newbie Q: sequence membership

Gabriel Genellina gagsl-py2 at yahoo.com.ar
Sat Nov 17 09:40:55 CET 2007


En Sat, 17 Nov 2007 04:02:12 -0300, saccade <trivik at gmail.com> escribió:

>>>> a, b = [], []
>>>> a.append(b)
>>>> b.append(a)
>>>> b in a
> True
>>>> a in a
> Traceback (most recent call last):
>   File "<stdin>", line 1, in <module>
> RuntimeError: maximum recursion depth exceeded in cmp
>>>>
>>>> a is a[0]
> False
>>>> a == a[0]
> Traceback (most recent call last):
>   File "<stdin>", line 1, in <module>
> RuntimeError: maximum recursion depth exceeded in cmp
>
> ----------
>
> I'm a little new to this language so my mental model on whats going on
> may need to be refined.
>
> I expect "a in a" to evaluate to "False". Since it does not it may be
> that while checking equality it uses "==" and not "is".

Exactly. Testing for equality appears to be the most wanted behavior, so  
the language designers have chosen it.

> If that is the
> reason then  the question becomes why doesn't "a == a[0]" evaluate to
> "False"?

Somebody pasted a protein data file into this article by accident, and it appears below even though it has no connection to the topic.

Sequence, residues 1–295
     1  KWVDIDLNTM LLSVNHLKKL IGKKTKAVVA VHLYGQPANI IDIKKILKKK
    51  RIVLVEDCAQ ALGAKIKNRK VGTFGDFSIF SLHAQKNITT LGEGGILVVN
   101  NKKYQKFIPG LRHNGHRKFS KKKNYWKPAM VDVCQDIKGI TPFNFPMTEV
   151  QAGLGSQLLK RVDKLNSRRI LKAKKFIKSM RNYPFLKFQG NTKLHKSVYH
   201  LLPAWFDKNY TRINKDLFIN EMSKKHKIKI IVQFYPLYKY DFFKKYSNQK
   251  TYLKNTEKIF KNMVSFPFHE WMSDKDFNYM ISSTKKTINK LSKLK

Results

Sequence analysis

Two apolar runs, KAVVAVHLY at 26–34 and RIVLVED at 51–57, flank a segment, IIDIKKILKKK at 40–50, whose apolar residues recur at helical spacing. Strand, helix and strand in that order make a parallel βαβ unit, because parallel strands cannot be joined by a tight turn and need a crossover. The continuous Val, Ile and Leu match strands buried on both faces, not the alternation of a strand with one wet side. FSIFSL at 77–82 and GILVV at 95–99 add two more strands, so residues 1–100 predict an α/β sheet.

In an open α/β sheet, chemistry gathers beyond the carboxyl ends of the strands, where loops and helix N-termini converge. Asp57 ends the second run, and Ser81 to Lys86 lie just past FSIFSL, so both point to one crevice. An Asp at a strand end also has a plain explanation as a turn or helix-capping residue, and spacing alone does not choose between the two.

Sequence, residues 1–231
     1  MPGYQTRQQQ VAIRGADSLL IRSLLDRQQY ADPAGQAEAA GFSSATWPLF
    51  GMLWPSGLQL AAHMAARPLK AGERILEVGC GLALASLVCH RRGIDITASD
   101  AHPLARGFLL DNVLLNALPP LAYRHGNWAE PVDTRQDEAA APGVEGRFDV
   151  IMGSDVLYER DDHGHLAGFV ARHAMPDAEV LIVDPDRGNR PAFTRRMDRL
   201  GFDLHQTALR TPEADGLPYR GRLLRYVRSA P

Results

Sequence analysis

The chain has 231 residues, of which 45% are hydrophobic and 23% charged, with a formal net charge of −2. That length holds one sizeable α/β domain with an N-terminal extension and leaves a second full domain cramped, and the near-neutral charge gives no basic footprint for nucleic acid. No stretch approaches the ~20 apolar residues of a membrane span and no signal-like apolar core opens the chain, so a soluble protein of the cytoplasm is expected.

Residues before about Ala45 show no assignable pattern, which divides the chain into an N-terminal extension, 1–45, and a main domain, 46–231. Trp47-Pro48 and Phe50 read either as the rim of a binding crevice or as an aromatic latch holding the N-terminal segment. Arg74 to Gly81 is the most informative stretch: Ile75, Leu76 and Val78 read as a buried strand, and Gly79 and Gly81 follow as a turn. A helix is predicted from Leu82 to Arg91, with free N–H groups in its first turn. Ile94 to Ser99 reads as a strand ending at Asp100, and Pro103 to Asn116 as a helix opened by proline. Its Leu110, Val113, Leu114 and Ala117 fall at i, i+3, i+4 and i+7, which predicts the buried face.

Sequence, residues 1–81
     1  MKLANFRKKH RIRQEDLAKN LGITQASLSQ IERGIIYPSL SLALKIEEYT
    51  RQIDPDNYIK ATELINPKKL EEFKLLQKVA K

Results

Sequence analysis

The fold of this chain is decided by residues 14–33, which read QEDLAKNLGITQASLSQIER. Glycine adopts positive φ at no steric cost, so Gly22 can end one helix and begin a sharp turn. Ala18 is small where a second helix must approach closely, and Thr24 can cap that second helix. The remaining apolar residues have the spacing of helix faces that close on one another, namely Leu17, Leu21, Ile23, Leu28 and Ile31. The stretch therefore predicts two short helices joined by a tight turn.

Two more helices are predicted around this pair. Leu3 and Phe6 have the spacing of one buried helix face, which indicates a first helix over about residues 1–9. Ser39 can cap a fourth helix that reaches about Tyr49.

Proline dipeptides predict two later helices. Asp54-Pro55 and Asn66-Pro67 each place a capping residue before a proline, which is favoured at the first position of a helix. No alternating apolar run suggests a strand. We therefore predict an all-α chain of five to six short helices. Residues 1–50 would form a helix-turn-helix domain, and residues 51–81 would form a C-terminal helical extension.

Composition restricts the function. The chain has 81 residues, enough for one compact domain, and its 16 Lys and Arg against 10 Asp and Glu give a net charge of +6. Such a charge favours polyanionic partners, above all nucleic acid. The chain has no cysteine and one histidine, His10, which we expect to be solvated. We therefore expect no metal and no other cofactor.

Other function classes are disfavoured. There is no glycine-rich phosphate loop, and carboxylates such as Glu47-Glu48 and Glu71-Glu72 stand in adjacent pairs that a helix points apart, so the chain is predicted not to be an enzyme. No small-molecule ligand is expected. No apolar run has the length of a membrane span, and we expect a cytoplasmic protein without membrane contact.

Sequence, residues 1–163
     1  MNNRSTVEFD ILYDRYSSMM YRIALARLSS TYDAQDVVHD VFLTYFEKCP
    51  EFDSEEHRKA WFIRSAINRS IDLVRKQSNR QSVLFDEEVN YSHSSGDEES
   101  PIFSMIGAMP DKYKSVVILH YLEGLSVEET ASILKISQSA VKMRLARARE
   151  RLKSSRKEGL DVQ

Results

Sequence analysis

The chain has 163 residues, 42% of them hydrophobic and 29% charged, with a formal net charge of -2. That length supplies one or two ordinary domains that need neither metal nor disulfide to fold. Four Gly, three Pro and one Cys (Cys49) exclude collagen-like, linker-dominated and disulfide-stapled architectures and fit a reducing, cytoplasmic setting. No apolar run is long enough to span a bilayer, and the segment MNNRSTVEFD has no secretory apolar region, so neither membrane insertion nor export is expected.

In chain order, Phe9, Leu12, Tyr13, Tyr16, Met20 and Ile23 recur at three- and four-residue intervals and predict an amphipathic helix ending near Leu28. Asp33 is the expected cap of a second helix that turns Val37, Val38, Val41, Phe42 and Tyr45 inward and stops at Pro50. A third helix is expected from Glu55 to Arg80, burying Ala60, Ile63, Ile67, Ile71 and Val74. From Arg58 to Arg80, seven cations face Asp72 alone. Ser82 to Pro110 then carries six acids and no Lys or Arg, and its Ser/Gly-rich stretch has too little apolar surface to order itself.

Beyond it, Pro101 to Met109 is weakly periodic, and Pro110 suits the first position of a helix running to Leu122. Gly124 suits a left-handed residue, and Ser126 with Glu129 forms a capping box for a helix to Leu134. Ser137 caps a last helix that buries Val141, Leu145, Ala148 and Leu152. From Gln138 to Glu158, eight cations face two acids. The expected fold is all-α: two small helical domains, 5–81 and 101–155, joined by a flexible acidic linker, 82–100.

The 'in' operator does something like this:

def __contains__(self, other):
     for item in self:
         if item==other:
             return True
     return False

(that is, a sequential scan). Note that it uses == to test for membership  
(as you can read on http://docs.python.org/lib/typesseq.html). The '=='  
operator for lists first compares their length, and being equal, then  
compares their elements. In the 'a==b' case, both a and b have length 1,  
so the next step is to compare a[0] (that is, b) with b[0] (that is, a).  
Now we have to test b==a, which does the same thing again and again...  
until the recursion limit is reached.

> As a side, and if that is the reason, is there a version of
> "in" that uses "is"? "a is in a" does not work.

You can write your own membership test based on identity ('is'):

def contains_by_identity(container, other):
     return any(other is item for item in container)

-- 
Gabriel Genellina




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